Should I still be cautious about Rolls-Royce shares?

Rolls-Royce shares are flying. But is now the time for this Fool to open a position? Here, he explains why he’s more tempted than ever to buy.

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Image source: Rolls-Royce plc

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Rolls-Royce (LSE: RR) shares have been the talk of the town. It seems like every week they continue to soar. In the last month alone, they’ve jumped 16.7%. In the last 12 months, they’ve advanced 176%!

If I’d invested £1,000 in the stock back then, today I’d have £2,760. That’s not bad at all.

On 15 March, the stock hit a fresh 52-week high of 398p. While that’s exciting news for shareholders, I’m wondering if I should be cautious about opening a position now.

Too far, too soon?

The reason for that is the speed of its rise. I’ve highlighted before my worry that the market may have got carried away and that investor sentiment was driving the stock higher. If I invested with the aim of making some quick cash, I’d be laughing. However, that’s not the approach I adopt. Its share price has surged. But is it justified?

While the market’s bullish, I still have my concerns. Rolls looks expensive, in my view. On a forward basis, the stock trades at around 27 times earnings. That’s almost triple the FTSE 100 average and considerably higher than a number of its sector peers.

Set to soar?

But should I really be thinking like this? After its latest results, it’s easy to argue that the business has proven it’s out of the woods and back on track to becoming the thriving company it once was.

Last year, the firm’s underlying profit rose a whopping 143% to £1.6bn. Free cash flows were also given a major boost, while its debt was reduced by £1.3bn.

Speaking of its debt, there have been other positive signs around the stock recently. For example, its share price jumped following the news that Standard & Poor’s had given an investment-grade credit rating to Rolls’ debt. That’s the first time in almost four years.

It raised its rating from BB+ to BBB- due to a stronger than anticipated performance in 2023. This upgrade comes off the back of CEO Tufan Erginbilgiç’s actions since taking over. He’s been tenacious in implementing changes to Rolls’ structure and business model.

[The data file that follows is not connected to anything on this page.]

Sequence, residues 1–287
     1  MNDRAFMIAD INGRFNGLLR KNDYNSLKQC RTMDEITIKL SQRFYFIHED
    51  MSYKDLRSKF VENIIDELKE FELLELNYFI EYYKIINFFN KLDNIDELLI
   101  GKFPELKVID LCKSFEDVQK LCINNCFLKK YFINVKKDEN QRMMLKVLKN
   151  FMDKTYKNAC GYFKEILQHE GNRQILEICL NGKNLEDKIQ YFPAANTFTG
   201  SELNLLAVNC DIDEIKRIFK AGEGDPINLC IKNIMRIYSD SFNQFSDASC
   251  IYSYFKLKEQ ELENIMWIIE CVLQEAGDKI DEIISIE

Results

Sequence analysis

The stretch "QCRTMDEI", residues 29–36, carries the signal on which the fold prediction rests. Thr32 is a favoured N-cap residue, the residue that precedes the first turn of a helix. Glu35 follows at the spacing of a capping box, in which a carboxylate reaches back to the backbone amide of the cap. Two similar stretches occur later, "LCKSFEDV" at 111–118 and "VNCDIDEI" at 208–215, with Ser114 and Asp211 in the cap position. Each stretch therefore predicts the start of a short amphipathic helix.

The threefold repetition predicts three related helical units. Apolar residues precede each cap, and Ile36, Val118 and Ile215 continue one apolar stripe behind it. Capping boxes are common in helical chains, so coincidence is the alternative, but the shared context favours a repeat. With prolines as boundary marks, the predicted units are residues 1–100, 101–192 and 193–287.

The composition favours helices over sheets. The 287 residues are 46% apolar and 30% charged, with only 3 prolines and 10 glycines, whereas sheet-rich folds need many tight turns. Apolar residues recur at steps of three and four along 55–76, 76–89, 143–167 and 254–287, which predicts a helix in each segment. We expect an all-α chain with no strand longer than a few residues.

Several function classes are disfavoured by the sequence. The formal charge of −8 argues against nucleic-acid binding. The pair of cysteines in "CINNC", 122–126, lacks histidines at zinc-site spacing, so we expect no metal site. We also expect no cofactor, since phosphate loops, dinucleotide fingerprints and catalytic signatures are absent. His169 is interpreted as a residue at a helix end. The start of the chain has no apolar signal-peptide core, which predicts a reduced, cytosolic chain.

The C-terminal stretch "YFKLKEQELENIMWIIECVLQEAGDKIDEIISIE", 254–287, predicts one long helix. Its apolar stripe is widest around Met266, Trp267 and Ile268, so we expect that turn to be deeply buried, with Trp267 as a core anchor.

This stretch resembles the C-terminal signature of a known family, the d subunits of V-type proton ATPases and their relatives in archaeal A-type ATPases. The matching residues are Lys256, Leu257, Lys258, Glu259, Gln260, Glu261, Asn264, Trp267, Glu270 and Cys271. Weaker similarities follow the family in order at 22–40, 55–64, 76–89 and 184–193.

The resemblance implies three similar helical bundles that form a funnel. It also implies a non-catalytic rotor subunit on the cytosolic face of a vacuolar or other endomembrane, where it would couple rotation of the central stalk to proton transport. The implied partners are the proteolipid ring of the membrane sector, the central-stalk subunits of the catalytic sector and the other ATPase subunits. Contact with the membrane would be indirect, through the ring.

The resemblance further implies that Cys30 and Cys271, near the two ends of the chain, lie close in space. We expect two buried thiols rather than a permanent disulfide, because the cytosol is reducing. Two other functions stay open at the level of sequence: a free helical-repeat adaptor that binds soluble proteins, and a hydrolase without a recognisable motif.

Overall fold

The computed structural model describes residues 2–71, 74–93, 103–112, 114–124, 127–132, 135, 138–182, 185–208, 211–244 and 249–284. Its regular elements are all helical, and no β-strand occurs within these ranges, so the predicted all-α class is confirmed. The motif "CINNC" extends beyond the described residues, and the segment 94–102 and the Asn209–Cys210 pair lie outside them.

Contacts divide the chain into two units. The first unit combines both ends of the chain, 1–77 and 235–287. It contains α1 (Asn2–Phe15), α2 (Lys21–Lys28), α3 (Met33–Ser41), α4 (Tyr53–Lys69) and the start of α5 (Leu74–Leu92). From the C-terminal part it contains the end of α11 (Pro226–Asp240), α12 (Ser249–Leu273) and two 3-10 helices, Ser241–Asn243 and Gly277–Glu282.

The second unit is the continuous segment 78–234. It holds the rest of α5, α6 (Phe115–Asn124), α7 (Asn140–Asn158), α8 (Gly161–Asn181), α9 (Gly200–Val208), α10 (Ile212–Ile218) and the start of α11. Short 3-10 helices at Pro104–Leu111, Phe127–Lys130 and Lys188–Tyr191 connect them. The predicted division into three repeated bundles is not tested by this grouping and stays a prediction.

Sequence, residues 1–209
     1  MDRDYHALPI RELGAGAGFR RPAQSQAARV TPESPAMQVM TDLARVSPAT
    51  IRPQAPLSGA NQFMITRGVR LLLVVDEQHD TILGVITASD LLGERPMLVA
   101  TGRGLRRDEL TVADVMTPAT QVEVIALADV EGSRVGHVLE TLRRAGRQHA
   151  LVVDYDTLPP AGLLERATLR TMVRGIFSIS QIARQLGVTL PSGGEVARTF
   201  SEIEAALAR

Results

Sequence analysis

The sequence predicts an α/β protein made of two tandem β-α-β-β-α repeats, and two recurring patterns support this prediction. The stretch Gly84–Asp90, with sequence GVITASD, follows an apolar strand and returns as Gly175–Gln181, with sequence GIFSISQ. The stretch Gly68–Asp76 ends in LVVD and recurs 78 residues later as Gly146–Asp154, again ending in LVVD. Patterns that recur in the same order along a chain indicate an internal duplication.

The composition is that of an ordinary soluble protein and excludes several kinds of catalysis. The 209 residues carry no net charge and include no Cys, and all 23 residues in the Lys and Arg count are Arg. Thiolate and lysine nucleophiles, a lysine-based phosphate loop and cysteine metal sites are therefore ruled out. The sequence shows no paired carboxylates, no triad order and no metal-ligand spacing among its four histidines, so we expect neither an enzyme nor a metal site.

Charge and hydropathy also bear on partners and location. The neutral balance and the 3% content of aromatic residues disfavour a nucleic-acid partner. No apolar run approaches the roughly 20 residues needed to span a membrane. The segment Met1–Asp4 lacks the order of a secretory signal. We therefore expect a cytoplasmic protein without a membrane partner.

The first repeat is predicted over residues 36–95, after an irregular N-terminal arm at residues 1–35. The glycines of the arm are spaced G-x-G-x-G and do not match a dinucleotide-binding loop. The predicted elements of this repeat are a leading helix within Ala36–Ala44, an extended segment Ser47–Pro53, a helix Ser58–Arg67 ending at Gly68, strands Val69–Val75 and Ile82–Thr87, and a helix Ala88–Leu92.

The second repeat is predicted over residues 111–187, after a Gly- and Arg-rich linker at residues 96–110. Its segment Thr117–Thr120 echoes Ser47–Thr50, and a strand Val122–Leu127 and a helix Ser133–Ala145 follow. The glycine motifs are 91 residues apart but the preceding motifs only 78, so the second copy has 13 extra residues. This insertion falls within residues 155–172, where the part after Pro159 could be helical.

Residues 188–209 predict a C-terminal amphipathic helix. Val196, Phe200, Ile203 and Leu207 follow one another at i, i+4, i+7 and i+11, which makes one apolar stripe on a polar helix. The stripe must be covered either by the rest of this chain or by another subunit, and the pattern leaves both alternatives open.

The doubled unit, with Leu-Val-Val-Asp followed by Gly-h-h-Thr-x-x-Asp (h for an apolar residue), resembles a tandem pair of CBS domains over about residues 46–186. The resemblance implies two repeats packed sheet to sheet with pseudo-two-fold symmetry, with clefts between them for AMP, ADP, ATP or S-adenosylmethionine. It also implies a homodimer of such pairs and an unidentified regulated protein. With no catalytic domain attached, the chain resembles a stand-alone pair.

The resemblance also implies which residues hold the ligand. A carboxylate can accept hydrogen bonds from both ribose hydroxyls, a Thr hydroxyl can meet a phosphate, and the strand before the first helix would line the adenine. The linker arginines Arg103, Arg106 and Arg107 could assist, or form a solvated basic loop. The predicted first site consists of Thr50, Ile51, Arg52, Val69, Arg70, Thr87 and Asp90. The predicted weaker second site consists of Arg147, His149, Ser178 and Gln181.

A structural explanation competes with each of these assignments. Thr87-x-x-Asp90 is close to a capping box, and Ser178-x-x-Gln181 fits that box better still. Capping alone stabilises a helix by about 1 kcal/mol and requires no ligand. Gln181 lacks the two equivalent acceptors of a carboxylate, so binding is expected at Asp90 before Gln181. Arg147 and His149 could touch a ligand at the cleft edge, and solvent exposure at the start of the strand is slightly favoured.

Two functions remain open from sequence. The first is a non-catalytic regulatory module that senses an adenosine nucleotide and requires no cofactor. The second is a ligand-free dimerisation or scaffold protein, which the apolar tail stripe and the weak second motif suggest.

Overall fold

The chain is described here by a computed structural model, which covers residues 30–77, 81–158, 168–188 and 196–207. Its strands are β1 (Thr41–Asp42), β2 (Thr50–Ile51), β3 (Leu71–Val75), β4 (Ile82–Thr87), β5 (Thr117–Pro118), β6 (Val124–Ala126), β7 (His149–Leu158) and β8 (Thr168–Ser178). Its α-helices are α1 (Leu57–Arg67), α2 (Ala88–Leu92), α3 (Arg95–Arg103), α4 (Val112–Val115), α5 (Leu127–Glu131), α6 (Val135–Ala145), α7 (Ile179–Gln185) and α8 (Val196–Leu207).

He’s taken a tougher stance on contracts, avoiding unprofitable deals. Alongside that, he’s driven a cost-cutting programme that’s seen the firm let go of thousands of staff.

What I’m doing

So where do we go from here? I’m certainly more tempted to add Rolls-Royce to my portfolio than I was a few months ago. But I’m still anxious that we may see the stock recoil. Investors will have high expectations for the business going forward. Any sign of a slowdown in growth could panic some shareholders.

It’s a tough one. I’ve been sitting on the sidelines waiting for a chance to get in. But by doing so, I’ve been missing out on potential gains. I like the direction Rolls is moving in, especially with Erginbilgiç at the helm.

If we see a dip in its share price any time soon, I think I’ll be making a move and opening a position.

Should you invest, the value of your investment may rise or fall and your capital is at risk. Before investing, your individual circumstances should be assessed. Consider taking independent financial advice.

Charlie Keough has no position in any of the shares mentioned. The Motley Fool UK has recommended Rolls-Royce Plc. Views expressed on the companies mentioned in this article are those of the writer and therefore may differ from the official recommendations we make in our subscription services such as Share Advisor, Hidden Winners and Pro. Here at The Motley Fool we believe that considering a diverse range of insights makes us better investors.

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